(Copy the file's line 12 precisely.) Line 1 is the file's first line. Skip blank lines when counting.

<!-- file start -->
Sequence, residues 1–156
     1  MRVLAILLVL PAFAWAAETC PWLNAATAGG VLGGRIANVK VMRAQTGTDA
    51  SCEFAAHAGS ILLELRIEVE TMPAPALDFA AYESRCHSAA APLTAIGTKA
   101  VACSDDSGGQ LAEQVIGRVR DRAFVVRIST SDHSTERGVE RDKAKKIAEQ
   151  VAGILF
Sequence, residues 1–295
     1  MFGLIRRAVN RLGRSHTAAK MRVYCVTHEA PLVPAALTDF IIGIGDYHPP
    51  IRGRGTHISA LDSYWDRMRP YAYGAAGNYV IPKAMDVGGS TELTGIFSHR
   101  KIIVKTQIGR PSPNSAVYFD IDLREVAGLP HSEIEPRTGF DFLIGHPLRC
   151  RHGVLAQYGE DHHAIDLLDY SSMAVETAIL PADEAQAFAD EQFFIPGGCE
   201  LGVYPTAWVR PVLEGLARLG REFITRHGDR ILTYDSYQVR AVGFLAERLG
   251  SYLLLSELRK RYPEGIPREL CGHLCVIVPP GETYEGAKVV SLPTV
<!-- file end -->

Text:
   251  SYLLLSELRK RYPEGIPREL CGHLCVIVPP GETYEGAKVV SLPTV